To members of the Atoyay Farmer’s Association of Bucas Grande island in northeastern Mindanao, its waters are sacred. It is the holy water that they drink and in which they bathe. And it is next to these enchanted godly waters that they make their homes and live their lives.
Today the placid blue pool is shaped like a heart fed by a swan-like fountain, but it wasn’t always so. Once, in the picturesque town of Socorro on the island’s wayward side, a smaller version served as the object of frequent candlelight processions by local townspeople who believed that bathing in its blessed waters cured their earthly ills. And it was the arbitrary destruction of that pool by colonial authorities in 1924 that led to the infamous “Colorum Uprising,” billed in America as a bloody rebellion by religious fanatics resulting in hundreds of deaths and the torching of the town.
About 3,000 descendants of those so-called fanatics now bathe in a new and improved holy pond located at the edge of a 2,300-hectare homestead they call Dizon Village. Recently I paid them a visit to personally explore – and, if possible, experience – the mysteries of that historic water.
I should probably explain here that, perhaps still smarting from the memory of indignities suffered nearly a century ago, these people don’t encourage visits from strangers. In fact, the only way I scored an invitation was through my friendship with noted historian Fernando A. Almeda Jr., who wrote about them in his classic, The History of a Province: Surigao Across the Years, and subsequently became a protector. So, it was with some wonderment that I boarded the boat they provided to take us to their island home.
The first thing you see is the pool. Fed by natural spring waters propelled by gravity through a series of higher ponds built pleasantly into the mountainside, the thing sports an unearthly sparkle that makes you want to blink. They put us up for the night in a building referred to as “the mansion,” a majestic hotel-like structure that isn’t a hotel at all but a place for their friends. And it was there that Prince Jerrymie Piao, a young man who – like most residents – says he was born here and intends to die here, picked me up for a tour.
In addition to the mansion, there’s a courthouse, large room for gatherings and worship, the house of the community’s matron who they call Mommy Lucy and obey without question and even a school serving more than 300 students ranging from kindergarten through high school with a few university classes thrown in. Its main claim to fame: that it’s Mindanao’s only institute of learning known to teach the indigenous pre-colonial written form of the local language.
The community supports itself primarily through farming, fishing and carpentry. Though decidedly Christian, its members do not consider themselves Catholic. The main difference, according to my guide: no priest-like intermediaries required to intercede on a worshiper’s behalf. And, indeed, the residents’ individual and group prayers were clearly bountiful, wafting in the air both day and night.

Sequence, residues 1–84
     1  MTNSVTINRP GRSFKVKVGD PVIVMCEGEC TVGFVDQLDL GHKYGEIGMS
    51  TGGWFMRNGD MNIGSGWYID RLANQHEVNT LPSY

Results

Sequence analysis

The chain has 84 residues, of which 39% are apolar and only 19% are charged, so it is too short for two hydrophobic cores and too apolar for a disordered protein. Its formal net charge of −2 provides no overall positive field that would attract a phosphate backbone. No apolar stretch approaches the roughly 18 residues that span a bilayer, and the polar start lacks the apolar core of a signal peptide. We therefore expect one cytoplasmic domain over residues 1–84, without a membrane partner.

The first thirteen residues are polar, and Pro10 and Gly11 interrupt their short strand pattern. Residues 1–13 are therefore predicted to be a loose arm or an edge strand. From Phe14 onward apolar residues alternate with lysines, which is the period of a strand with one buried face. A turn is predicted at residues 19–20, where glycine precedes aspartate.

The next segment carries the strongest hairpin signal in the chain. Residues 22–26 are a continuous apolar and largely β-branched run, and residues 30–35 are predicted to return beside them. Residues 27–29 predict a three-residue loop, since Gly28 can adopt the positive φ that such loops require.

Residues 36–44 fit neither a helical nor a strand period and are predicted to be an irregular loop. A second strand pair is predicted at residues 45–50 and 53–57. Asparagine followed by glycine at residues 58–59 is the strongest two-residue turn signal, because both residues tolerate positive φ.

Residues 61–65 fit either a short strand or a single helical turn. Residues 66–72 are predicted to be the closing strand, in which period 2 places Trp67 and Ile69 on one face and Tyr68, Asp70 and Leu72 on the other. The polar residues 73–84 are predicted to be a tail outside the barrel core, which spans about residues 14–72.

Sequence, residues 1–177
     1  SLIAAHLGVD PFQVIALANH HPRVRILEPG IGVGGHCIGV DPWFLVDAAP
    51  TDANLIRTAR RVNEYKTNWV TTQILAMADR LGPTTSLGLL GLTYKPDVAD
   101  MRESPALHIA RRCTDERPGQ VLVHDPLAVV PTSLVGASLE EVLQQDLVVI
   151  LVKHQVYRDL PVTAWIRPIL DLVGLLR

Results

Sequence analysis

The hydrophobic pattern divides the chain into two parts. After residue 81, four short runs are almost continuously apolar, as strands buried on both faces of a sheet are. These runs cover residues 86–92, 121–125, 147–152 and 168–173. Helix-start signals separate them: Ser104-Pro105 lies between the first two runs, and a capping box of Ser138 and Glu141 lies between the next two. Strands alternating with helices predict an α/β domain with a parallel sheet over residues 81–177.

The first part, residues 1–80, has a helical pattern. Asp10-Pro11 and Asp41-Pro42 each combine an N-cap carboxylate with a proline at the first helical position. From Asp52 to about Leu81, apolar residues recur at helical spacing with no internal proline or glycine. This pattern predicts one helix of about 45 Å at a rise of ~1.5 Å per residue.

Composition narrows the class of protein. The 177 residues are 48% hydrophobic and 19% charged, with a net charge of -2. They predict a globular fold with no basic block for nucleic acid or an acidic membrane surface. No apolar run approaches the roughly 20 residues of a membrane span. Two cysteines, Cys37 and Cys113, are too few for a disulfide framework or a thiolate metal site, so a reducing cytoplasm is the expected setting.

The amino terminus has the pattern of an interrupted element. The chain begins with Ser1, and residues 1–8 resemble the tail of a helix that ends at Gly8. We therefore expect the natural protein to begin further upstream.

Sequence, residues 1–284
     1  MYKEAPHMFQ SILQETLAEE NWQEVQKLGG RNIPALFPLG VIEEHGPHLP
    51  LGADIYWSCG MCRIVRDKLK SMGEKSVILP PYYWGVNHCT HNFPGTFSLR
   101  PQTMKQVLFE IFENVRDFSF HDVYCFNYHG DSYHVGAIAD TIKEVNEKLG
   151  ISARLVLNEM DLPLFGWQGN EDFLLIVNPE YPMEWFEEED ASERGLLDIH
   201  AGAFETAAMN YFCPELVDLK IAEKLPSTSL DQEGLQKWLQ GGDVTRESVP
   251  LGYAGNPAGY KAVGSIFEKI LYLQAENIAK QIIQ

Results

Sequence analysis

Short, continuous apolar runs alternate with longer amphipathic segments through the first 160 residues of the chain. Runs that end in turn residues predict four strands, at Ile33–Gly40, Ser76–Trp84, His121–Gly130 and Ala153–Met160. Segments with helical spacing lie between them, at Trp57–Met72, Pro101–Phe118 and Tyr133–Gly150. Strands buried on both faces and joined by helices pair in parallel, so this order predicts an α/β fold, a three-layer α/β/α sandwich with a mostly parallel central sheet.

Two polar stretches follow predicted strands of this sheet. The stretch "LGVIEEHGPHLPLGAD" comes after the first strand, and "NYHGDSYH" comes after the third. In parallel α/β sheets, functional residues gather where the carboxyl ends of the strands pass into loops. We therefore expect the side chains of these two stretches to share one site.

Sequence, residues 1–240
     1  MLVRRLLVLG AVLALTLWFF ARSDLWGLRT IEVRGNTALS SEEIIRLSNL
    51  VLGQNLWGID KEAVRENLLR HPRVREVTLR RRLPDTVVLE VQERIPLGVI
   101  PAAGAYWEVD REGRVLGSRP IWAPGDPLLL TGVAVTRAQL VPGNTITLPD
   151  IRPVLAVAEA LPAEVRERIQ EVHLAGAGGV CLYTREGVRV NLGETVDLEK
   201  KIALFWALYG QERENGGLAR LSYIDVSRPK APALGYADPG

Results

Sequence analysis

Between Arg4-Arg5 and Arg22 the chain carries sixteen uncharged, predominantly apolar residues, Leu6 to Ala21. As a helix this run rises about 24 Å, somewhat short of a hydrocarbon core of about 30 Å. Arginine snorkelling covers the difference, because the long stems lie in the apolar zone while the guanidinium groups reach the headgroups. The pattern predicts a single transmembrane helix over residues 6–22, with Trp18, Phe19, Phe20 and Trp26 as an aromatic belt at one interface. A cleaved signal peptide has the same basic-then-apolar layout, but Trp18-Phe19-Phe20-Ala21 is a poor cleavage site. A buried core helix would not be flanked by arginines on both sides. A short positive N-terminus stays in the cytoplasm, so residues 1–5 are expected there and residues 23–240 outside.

But I had come for the water and wouldn’t be dissuaded. At the town’s outer end, we knelt at a stream and my host bade me drink. The liquid was clear and cool, eagerly flowing down my throat in a soothing waterfall of sensations. But was this the water of God, or, like any water, simply rife with the relief of a nagging thirst quenched after a very long walk?
And then it struck me like a monsoon thunderbolt seen from the comforting wetness of that lovely heart-shaped pool, first distant and then up close; all water is the water of God. For without its nourishment we could not survive and without its flow we would surely be lost. My father once told me that if ever I found myself alone in the wilderness, to follow the water; As it is in wilderness, so I believe it is in life.
Before returning to the mainland the next day, I spent some time sitting by the sacred pool with my eyes closed, trying to feel its healing powers. I’m not sure whether I felt them or not. But the sound of the seawater lapping at the nearby shore was mesmerizing and the soft ocean breeze cooled my skin like a healing salve.
I don’t know whether this pool is holier than any other. What I did know then and still know now, though, was that I had found friends living and evolving on its shores. And that, yes, they had captured my heart. I can hardly wait for the next visit.
David Haldane, a former Los Angeles Times staff writer, is an award-winning American journalist, author and radio broadcaster who recently moved to Surigao City with his Filipino wife and their eight-year-old son. This column tells the unfolding story of that adventure.